- More than 24 states nationwide offer a variety of policies and support resources for adult learners seeking to turn military or work experience into validated credit hours, according to a recent study from the Education Commission of the States.
- A majority of these states make information about transferable experience available online or through meetings with advisers and offer assessments or exams for students to demonstrate subject competency developed through professional experience.
- Students in 11 states are provided information on potential credit-hour limits for approved work experience.
As competency-based models of education and credit earning opportunities increase at schools across the country, academic leaders must be flexible in making sure these opportunities meet the traditional standards for school and program accreditation and state authorization, while still contributing to the academic rigor of a program.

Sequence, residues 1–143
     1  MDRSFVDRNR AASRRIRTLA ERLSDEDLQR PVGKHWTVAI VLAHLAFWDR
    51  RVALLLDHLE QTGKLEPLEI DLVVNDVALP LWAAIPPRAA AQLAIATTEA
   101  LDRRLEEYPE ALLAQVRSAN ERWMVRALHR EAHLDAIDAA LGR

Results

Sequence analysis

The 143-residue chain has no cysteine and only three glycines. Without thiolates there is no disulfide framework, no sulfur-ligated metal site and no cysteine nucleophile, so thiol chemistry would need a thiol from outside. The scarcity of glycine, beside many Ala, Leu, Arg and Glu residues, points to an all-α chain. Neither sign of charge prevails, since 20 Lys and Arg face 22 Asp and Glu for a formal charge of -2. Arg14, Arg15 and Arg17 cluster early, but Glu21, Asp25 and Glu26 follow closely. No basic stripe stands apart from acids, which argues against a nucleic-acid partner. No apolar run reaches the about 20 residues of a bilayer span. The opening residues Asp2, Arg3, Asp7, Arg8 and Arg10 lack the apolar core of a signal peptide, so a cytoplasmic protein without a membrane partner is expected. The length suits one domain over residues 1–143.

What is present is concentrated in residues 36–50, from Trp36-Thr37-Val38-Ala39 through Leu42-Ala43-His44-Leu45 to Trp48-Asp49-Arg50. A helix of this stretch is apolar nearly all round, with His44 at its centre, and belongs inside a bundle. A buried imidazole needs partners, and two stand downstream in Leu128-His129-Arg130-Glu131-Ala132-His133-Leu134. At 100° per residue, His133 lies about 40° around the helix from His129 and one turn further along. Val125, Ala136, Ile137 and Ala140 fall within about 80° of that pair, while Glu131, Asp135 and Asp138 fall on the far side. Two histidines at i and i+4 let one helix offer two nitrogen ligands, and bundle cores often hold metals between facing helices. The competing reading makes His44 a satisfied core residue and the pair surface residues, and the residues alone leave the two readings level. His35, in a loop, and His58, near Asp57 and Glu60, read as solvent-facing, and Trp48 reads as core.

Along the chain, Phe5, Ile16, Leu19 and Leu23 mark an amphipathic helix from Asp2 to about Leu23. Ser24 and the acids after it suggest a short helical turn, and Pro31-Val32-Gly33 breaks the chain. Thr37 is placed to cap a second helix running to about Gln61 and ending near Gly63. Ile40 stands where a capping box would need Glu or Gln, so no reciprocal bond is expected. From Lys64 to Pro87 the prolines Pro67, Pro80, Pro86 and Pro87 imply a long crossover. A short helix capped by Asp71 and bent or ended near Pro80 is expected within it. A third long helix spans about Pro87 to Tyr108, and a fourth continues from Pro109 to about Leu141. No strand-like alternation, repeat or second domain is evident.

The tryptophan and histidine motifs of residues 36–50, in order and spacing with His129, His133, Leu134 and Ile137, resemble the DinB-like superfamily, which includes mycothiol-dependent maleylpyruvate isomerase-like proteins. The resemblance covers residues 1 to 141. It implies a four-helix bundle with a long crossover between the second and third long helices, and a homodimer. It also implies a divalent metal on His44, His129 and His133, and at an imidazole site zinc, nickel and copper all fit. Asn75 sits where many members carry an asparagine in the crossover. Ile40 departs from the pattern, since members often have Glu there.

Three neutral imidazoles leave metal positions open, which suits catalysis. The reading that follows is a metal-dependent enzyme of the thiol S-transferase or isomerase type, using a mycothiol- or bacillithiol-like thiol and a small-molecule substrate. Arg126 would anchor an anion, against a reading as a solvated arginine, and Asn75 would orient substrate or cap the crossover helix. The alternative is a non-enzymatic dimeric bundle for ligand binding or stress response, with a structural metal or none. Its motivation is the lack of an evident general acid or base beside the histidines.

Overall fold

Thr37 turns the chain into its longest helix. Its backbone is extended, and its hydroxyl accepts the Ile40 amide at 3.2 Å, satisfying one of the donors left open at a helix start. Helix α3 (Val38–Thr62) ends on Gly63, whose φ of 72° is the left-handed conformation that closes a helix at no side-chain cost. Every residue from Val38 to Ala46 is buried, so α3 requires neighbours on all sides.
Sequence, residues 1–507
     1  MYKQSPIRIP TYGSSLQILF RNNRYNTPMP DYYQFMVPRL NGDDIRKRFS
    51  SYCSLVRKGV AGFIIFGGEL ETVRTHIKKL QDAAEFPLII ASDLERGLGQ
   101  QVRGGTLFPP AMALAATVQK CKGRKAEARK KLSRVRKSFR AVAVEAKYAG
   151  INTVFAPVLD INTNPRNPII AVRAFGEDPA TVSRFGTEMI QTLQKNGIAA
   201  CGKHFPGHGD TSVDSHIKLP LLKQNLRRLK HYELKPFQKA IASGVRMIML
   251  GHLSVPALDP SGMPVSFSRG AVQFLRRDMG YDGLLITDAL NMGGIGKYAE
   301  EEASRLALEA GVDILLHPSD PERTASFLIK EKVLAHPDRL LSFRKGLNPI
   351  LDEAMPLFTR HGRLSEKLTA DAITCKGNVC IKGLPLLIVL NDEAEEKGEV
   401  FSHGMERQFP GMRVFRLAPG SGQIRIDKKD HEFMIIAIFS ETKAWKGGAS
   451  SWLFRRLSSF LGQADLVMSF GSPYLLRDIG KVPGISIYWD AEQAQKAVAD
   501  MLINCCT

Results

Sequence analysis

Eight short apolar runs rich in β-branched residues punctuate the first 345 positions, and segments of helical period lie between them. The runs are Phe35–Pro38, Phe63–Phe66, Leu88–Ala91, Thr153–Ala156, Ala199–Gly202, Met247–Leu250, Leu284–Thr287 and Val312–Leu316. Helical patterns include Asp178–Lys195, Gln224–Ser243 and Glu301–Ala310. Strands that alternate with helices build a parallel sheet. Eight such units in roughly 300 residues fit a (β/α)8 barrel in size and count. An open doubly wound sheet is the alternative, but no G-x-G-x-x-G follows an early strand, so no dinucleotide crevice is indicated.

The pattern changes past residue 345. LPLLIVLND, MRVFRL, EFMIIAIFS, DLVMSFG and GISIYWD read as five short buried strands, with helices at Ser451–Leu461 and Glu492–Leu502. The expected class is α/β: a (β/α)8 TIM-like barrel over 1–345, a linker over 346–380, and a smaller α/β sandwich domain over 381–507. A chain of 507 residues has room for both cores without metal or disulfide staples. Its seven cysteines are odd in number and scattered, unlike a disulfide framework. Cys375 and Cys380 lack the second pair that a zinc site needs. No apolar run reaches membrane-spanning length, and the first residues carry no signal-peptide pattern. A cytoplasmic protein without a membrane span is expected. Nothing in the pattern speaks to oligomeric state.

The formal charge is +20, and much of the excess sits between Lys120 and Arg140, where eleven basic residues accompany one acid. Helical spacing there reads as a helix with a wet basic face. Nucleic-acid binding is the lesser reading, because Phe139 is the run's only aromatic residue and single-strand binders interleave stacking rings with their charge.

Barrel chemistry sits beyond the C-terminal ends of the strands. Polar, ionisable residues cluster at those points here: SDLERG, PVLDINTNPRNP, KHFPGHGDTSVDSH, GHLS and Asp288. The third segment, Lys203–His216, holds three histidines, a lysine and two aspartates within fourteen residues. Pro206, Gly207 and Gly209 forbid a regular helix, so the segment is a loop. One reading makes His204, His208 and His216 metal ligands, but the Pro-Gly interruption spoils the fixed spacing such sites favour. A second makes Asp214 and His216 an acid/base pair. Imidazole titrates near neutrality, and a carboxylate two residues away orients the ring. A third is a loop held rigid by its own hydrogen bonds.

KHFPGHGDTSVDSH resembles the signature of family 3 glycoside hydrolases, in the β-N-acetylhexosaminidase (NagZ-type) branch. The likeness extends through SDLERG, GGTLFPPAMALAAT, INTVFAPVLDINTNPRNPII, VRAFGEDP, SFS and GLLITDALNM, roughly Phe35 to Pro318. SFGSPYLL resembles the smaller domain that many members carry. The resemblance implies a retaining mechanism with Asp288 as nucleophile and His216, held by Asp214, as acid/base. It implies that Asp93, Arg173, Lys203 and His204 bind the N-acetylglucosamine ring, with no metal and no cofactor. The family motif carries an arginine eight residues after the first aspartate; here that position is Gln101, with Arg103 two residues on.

While many skills gained in the workforce and through military service transfer well in some areas of industry, like leadership, communication, and creative thinking, they do not inspire robust theoretical knowledge needed for students and graduates to change industries or even companies which often have drastically different approaches in their missions and work.
From a branding standpoint, colleges must also be aware that promoting competency-based education could impact potential students and donors’ view of institutional value and student profiles. If a school brands itself as virtually open access with an eye towards enrolling working professionals, then it could impact the way leaders can make the case for investment or research support.
However, these kinds of initiatives can open the door for industrial partnerships in the public and private sector, which can go a long way in building recruitment interest and financial gain for specific programs of strength. And, as the traditional student population dwindles, providing flexibility and allowing credit for on-the-job training could be a sticking point to lure working professionals, particularly those who have not already earned degrees, back to campus.